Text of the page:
The Bells of Bicetre by Simenon

“For Rene Maugras, dates and times of day did not exist, and only later on was problem of elapsed time to trouble him. He was still sunk at the bottom of a pit as dark as the abyss of ocean, deprived of contact with the outside world. He did not realize that his right arm had begun to twitch spasmodically, or that each time he breathed out his cheek puffed up in a ridiculous way.”

Simenon’s novel The Bells of Bicetre is the story of Rene Maugras, a prominent Parisian newspaper publisher who suffers a stroke at age 54 and is subsequently hospitalized. Told in the third person, the novel begins with Maugras waking up in hospital after suffering a humiliating collapse in the bathroom of a swanky restaurant.

The Bells of Bicetre follows the progress of Maugras as he regains consciousness only to discover that he’s suffered a stroke that has left him paralyzed on one side of his body. Affluent and influential, Maugras has a private room in Bicetre Hospital and he’s tended by his friend, Dr. Pierre Besson d’Argoulet. The novel explores Maugras’ depression and his feelings of humiliation as his bodily needs are taken care of by total strangers. In spite of the fact he is paralyzed and unable to speak, Maugras develops a different relationship with each of his three nurses. While he’s sexually attracted to the earthy night nurse, Josefa, he becomes possessive of the elegant day nurse, Blanche. But it’s Angele, the coarse Sunday replacement who harasses him out of his stupor and drags him back into the world of the living.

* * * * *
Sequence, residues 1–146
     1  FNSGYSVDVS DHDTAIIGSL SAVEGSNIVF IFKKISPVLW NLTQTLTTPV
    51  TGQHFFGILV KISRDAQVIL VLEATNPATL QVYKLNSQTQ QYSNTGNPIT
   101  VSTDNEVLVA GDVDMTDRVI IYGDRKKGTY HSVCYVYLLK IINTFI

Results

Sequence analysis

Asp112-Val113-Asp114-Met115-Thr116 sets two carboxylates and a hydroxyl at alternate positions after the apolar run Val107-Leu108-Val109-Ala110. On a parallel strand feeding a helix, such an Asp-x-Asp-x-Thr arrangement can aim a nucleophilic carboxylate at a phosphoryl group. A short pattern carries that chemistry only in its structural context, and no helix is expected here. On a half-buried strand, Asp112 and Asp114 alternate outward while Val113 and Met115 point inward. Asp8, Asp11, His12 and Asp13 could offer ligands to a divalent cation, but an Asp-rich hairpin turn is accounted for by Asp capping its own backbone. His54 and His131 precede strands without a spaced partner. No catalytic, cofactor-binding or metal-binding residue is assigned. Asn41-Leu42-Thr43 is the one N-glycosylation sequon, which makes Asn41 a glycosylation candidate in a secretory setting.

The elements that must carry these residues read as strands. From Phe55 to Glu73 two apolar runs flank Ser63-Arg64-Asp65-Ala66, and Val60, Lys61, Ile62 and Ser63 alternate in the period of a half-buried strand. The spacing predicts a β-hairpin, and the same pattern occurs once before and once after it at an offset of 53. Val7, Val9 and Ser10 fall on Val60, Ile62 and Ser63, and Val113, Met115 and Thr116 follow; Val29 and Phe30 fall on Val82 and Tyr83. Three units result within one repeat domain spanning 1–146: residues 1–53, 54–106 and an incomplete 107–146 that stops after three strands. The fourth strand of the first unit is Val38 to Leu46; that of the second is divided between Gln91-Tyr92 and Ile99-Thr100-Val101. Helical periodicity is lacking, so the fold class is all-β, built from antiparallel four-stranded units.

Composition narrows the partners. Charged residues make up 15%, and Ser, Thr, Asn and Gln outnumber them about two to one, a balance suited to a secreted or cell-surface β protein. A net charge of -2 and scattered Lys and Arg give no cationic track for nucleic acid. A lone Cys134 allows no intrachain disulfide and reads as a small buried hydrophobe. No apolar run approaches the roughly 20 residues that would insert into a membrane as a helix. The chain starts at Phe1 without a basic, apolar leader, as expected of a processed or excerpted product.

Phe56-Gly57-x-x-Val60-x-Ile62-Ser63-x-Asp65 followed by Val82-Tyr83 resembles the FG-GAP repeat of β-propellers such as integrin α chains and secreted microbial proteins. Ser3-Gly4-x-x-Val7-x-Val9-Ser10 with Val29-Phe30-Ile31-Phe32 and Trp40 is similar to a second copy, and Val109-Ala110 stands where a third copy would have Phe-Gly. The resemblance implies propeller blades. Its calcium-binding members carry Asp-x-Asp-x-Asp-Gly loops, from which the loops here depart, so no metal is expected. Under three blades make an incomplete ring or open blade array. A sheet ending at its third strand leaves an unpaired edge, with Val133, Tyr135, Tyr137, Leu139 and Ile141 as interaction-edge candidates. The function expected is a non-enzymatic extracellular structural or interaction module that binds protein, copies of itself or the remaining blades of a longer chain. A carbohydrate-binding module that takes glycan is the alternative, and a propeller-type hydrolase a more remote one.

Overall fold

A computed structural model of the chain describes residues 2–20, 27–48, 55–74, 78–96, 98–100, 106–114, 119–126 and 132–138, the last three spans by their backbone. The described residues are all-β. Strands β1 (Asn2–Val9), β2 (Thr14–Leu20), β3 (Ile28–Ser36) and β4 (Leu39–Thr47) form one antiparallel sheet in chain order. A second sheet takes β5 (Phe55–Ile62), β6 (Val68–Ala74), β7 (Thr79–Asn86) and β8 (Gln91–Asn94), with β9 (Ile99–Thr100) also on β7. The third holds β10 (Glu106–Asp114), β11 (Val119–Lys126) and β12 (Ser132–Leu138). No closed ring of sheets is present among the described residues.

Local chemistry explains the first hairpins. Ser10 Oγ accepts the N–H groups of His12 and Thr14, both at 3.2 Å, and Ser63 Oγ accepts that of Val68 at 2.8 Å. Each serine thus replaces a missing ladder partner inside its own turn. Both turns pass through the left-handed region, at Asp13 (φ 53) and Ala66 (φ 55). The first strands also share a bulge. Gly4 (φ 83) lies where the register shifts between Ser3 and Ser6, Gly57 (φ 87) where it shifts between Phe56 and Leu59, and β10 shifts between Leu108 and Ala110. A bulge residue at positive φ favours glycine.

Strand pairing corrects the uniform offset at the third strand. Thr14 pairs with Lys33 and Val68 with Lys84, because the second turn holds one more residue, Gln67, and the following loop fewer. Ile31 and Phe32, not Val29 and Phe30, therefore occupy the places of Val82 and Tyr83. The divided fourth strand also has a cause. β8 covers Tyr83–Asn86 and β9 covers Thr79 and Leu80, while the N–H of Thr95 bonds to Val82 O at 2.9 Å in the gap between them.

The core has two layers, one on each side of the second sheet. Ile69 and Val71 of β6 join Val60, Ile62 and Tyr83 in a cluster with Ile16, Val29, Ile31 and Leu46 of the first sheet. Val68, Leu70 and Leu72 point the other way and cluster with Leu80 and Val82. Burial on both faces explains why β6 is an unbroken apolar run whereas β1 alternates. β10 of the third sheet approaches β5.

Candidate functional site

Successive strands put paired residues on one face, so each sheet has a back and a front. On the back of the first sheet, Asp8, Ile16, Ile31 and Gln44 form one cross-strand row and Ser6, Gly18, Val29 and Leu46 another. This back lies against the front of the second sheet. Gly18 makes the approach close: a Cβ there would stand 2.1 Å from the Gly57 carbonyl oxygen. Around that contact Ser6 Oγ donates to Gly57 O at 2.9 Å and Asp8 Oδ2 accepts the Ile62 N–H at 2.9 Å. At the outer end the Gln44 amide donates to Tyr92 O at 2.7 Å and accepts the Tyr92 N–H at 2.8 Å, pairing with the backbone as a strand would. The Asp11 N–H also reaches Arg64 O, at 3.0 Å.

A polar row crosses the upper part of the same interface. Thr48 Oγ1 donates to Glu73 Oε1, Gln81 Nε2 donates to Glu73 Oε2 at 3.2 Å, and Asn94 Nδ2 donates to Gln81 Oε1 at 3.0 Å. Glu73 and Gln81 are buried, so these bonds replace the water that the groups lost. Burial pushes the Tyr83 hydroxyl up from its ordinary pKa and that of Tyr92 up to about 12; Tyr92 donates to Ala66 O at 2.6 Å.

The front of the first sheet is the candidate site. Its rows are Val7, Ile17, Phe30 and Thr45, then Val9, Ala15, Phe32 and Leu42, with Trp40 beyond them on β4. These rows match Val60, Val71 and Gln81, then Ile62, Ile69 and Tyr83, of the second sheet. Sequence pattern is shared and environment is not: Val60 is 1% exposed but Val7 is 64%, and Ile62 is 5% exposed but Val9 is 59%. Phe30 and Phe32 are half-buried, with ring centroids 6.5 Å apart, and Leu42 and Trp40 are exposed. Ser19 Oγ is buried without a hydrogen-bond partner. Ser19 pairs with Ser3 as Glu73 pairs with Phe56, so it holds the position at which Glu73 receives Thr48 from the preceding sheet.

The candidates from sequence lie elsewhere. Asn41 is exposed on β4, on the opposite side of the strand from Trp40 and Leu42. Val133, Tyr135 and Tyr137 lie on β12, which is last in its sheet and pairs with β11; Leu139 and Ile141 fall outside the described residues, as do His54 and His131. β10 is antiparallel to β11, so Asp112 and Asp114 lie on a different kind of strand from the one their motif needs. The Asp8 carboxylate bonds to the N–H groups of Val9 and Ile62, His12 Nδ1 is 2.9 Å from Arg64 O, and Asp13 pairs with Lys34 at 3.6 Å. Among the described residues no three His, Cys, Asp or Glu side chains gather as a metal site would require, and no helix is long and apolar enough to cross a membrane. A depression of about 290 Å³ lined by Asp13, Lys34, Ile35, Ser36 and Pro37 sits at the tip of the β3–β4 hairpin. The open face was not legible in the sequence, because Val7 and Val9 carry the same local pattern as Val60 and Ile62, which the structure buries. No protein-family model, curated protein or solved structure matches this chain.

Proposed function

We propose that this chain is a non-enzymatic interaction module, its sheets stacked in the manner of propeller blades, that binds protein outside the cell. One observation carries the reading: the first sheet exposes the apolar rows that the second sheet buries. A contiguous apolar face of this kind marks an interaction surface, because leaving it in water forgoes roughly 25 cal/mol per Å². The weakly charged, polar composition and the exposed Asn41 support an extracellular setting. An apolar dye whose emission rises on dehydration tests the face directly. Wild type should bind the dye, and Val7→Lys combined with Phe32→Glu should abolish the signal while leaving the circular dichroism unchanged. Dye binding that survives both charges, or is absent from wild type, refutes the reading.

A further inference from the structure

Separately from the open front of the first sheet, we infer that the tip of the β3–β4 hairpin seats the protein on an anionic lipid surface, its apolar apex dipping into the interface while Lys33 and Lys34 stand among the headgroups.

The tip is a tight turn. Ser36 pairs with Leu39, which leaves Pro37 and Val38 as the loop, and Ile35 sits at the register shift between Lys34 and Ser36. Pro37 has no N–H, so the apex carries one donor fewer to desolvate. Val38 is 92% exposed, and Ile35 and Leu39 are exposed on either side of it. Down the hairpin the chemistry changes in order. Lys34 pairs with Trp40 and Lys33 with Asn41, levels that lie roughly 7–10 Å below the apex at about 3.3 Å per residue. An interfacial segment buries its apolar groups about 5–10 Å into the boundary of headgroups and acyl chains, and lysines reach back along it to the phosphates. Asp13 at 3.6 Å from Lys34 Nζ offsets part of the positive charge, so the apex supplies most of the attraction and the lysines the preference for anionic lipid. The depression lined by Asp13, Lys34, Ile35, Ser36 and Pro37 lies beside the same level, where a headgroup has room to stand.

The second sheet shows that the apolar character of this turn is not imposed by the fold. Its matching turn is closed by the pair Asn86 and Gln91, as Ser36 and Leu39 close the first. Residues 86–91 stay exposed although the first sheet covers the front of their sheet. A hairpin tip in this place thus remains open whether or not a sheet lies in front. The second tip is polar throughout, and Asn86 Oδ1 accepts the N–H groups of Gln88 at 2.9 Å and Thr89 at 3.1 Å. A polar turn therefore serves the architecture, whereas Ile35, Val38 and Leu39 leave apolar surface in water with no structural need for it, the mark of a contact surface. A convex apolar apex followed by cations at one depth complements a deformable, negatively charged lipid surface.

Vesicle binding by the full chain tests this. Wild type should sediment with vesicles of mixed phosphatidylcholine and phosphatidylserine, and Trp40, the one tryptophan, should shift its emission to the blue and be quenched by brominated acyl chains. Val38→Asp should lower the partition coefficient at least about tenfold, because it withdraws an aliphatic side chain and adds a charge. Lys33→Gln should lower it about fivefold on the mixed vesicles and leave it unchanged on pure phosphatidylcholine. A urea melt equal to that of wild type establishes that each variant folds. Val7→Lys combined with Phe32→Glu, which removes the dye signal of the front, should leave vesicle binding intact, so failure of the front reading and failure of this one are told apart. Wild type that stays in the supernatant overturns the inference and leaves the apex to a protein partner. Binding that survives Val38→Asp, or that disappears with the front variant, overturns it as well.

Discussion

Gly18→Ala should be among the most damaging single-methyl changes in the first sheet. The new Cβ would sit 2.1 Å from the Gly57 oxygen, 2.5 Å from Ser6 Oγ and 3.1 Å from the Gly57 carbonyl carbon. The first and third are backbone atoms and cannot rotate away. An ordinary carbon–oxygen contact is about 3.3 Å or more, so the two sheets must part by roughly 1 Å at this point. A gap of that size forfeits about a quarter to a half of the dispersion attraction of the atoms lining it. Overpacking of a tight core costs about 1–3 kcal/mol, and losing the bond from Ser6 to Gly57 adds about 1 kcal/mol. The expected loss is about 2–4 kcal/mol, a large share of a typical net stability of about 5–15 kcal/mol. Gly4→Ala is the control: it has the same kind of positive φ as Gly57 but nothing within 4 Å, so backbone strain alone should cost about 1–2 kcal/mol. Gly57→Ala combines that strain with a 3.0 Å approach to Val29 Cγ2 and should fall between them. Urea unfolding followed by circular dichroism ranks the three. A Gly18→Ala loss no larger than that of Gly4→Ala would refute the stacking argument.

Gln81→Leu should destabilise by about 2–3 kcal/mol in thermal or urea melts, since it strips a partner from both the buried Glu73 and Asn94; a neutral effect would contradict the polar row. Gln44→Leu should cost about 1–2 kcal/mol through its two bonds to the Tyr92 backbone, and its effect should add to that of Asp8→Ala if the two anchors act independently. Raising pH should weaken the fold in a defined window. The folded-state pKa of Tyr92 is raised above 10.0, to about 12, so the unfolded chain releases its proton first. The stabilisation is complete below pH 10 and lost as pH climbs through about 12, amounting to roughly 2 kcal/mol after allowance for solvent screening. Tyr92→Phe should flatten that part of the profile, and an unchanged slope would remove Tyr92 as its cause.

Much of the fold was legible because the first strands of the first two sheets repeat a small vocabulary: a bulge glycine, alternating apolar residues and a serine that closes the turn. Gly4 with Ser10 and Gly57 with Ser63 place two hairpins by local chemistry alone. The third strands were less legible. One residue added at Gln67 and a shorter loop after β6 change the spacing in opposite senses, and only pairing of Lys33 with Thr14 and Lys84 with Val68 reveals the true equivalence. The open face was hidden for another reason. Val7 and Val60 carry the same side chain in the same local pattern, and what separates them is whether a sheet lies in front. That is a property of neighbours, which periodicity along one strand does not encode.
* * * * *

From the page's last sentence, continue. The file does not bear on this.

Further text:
As the days progress and Maugras improves, he feels mesmerized by the church bells that remind him of his childhood and his long-dead mother. Paralyzed and unable to communicate, Maugras finds his mind focusing on certain pivotal, central moments in his life–his love affairs, his friendships and his marriage. Trapped in a hospital bed, he analyzes his bizarre married life with the much younger, unstable, and self-focused Lina.

While I can’t say that The Bells of Bicetre is by any means my favorite Simenon novel, it’s certainly a change of pace. Simenon, an extremely prolific Belgium writer penned nearly 200 novels and over 150 novellas during the span of his long career. Best remembered for his series of Maigret detective novels, I prefer Simenon’s romans durs (hard novels) for their bleak, noir outlook. Nonetheless, The Bells of Bicetre told mainly from the mental meanderings of a stroke patient is testament to Simenon’s skill as a writer.

The Bells of Bicetre doesn’t seem to fit into the romans durs category, but it’s certainly a fascinating read. There’s little interaction between Maugras and his various caretakers and relatively little conversation. The novel is basically a record of Maugras’ painful recovery and his thoughts as he lays helpless in bed. Here he’s finally forced to examine the intimacies of a life he’s largely managed to avoid by concentrating on superficialities and his driving ambition:

“He felt no bitterness. And if he pursued his self-analysis he would discover that he felt no regrets. On the contrary! Deliberately he recalled his previous way of life, up till that last Tuesday morning, and he was surprised at having led such a life, at having attached any importance to it, at having played a game that now struck him as puerile.”

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